Peninsula small businesses yelping about Yelp’s mysterious algorithm

Diners savor brunch on a busy weekday at Mayfield Cafe in Palo Alto. Many Bay Area residents turn to Yelp in their search for the perfect dining experience. But the site's relationship with small businesses is a complicated one at best, a strained one at worst. (Photo/Roseann Cima)

Many small business owners and managers on the Peninsula complain that Yelp holds back business, and some have gone so far as to accuse the company of blackmail.  This may come as a surprise to the large and growing number of consumers using the site.  But Yelp’s efforts to educate small business owners about their practices have not eliminated the negative sentiment.

The San Francisco-based company provides an online forum for customer feedback and reviews.  It curates user-created content and has faced two class-action lawsuits in the past two years, both involving allegations of extortion.  Small business owners claim Yelp coerces them into purchasing advertising by promoting negative reviews and hiding positive ones.  Yelp denies this and claims this curation is “unbiased” and “neutral,” designed to protect the site from fraud.

Federal courts dismissed both suits.  The latest was dismissed in November, due to lack of evidence and because, under the Communications Decency Act, the court said Yelp isn’t liable either way.  Some local small business owners say they are still considering additional legal action.


Palo Alto restaurateur Satish Sandadi said he and the newly-formed Silicon Valley Indian Restaurants Association have discussed the possibility of pressing charges.

“I think they blackmail us,” Sandadi said.

He added he doesn’t mind that the site displays negative reviews of his restaurant.  “We’ve always had mixed reviews on Yelp,” he said.  He claims to be more angry about the site’s curation of the reviews: “The good reviews go the bad reviews stay.”  He says he believes this is an effort to wreck his business and convince him to advertise with Yelp.

“Go find a recent good review of my restaurant and watch it,” he asked. “In a few days it will have disappeared.”

The phenomenon he refers to is the work of Yelp’s sometimes infamous, “review filter.”  Unlike most websites where customers publicly review and rate services, Yelp “hides” a high percentage of the reviews that people post.  If a review has been filtered, you can still see it on the poster’s profile, but you won’t be able to find it on the business’ page, nor will the review factor into the business’ “star count,” a summary rating of the reviews Yelp has not filtered.

Yelp created a promotional video to explain how its review filter works. The algorithm by which they filter reviews is secret, on the grounds that it'd be compormised if malicious users knew how to 'game' it. (Image courtesy of Yelp)

The review filter is algorithmic.  Although Yelp’s user-support team will take down postings that are offensive or clearly violate the site’s terms of service, company policy is to keep all other matters of post-filtering out of human hands.  A program monitors information about users and businesses and then makes the call on whether to display the review.  The “disappearing good reviews” Sandadi speaks of are likely the result of Yelp’s program essentially “changing its mind,” either in light of new data or because Yelp’s developers altered the algorithm itself.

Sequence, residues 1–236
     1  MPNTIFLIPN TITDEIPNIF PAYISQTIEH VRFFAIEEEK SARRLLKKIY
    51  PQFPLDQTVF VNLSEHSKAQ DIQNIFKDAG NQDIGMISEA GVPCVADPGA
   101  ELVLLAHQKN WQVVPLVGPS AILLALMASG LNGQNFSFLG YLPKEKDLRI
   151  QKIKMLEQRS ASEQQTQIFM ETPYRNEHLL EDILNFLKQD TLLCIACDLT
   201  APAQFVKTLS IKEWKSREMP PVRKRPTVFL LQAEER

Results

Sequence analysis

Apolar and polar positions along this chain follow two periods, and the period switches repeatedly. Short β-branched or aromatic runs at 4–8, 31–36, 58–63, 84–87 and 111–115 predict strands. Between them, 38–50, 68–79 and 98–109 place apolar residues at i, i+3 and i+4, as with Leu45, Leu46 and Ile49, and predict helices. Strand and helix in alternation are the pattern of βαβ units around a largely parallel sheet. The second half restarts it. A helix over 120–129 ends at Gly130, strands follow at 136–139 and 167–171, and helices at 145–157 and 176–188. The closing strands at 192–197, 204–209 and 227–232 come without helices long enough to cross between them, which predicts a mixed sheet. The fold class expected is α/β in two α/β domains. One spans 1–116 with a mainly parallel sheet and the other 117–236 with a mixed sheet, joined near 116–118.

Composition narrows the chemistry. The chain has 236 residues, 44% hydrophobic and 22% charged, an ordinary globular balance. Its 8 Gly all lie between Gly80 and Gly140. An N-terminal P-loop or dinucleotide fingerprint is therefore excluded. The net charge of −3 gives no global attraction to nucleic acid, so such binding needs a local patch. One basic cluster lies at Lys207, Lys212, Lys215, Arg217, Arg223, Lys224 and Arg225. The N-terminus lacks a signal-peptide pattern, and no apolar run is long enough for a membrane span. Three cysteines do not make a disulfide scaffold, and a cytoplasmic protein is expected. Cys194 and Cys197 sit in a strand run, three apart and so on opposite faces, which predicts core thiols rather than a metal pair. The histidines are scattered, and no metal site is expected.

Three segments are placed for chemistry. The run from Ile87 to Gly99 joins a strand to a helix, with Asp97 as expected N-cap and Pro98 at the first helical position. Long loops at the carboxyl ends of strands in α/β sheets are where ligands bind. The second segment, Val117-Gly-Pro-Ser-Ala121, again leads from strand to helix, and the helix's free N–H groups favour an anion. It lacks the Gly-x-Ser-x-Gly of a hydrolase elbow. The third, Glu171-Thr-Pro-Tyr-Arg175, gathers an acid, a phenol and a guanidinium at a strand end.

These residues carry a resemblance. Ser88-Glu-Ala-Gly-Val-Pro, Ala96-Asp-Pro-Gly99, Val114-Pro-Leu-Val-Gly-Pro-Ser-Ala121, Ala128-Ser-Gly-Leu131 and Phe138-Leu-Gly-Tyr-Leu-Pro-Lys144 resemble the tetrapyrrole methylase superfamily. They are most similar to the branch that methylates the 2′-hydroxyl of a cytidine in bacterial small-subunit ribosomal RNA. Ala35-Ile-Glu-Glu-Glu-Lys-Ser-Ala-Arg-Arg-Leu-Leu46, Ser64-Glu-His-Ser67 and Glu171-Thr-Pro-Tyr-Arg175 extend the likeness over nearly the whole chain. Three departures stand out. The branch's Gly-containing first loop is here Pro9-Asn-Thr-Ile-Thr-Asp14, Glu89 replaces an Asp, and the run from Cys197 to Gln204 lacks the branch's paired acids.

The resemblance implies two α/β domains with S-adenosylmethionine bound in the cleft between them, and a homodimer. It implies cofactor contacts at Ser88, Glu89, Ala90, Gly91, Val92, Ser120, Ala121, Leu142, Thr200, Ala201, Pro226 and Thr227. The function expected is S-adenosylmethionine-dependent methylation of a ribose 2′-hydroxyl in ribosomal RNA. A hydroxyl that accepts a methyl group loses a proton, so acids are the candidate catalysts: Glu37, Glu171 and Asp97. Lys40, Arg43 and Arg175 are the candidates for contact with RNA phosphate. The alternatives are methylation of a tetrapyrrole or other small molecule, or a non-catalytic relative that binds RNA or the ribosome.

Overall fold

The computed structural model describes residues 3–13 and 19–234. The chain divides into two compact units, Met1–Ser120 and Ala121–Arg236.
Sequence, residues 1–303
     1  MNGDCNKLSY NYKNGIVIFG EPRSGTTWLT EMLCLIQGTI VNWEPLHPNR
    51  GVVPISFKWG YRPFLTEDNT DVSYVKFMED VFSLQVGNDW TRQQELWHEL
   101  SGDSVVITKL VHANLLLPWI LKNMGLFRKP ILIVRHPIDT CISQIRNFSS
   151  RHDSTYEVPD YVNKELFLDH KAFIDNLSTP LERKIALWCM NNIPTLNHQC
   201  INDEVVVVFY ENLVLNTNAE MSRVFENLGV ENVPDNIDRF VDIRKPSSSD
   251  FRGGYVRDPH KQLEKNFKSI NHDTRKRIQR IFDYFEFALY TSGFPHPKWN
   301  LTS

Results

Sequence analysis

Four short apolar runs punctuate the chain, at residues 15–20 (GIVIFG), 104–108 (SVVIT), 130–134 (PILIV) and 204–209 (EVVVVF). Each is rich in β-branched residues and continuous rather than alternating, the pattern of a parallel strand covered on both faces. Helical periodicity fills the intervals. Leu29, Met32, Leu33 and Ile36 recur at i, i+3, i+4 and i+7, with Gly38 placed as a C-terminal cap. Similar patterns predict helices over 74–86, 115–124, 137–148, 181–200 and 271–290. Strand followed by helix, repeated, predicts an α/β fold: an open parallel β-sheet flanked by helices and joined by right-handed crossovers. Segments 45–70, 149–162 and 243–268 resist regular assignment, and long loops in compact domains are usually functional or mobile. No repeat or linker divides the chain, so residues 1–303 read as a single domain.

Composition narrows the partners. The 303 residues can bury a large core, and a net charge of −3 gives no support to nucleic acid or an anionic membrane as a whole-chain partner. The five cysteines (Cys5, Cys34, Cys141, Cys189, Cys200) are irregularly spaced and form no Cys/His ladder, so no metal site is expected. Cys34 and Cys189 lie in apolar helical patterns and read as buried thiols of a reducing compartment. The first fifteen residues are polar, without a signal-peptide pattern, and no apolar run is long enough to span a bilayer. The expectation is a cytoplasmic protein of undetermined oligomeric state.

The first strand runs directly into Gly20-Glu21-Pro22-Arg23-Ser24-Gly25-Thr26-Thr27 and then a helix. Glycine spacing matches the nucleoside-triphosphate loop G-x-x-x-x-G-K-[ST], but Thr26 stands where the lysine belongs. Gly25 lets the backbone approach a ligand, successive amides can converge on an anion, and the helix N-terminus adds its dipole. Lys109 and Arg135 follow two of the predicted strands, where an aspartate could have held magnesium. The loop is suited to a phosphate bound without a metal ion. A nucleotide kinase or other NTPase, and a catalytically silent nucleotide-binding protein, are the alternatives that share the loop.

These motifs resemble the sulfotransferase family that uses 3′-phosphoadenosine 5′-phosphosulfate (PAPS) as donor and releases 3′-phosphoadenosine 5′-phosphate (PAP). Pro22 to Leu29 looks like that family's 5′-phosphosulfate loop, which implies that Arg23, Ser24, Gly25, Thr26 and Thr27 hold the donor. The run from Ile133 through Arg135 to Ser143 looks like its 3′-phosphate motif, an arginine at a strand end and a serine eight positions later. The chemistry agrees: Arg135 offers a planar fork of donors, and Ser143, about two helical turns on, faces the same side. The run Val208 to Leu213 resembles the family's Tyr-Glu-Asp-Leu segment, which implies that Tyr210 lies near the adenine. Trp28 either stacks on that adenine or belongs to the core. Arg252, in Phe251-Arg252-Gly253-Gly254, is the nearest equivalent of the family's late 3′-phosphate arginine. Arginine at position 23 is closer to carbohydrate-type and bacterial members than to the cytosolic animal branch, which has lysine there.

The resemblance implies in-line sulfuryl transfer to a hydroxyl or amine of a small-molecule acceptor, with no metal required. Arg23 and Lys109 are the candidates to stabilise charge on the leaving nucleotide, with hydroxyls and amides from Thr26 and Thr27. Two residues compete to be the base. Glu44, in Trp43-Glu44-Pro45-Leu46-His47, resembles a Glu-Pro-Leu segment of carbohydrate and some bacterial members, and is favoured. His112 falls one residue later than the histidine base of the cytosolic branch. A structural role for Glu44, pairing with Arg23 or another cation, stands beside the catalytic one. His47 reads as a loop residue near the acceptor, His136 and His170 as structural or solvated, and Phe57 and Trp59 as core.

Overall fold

Darnell Holloway, the manager of local business outreach at Yelp, called the filter an “automated security system.”

According to Holloway, and the many blog posts Yelp has made about the filter, its main purpose is to mitigate the impact of reviews that businesses have solicited or paid for.  As a business’ digital reputation has grown more important, so has the issue of fraudulent reviews.  On  many online forums and websites, people offer to write positive reviews in exchange for money. A business can also pay people to write negative reviews of its competition.

Businesses can even commission reviews from “elite” Yelp users in some places.  These are users whom Yelp has awarded a badge to accompany their profile photo and possibly more credence in the eyes of the filter, based on their review history.

The Yelp filter, as a security measure, is essential to Yelp’s success, Holloway said.  According to a piece in Businessweek, Yelp was successful in excising the fraudulent reviews of an enterprising, anonymous, small business owner in Texas. The article says he admitted to commissioning positive reviews from a non-customer, and Yelp’s filter caught them all when other sites didn’t.  In response to small business-owners’ claims that their reviews had been filtered unfairly, Holloway said, “The review filter applies the same logic to all reviews, positive or negative. It’s effectively an unbiased system.”

The problem is, very few people are allowed to know just what that system is, making Holloway’s claim that it is ‘unbiased’ difficult to evaluate.  Outside of denying Sandadi’s suspicion that advertising revenue can be exchanged for ‘kinder’ treatment, (the company’s website claims this ‘misunderstanding’ is caused by a paid service Yelp used to offer, which would allow business to select one or two of their reviews for display at the top of their page) Yelp has a strict policy of secrecy surrounding the filter.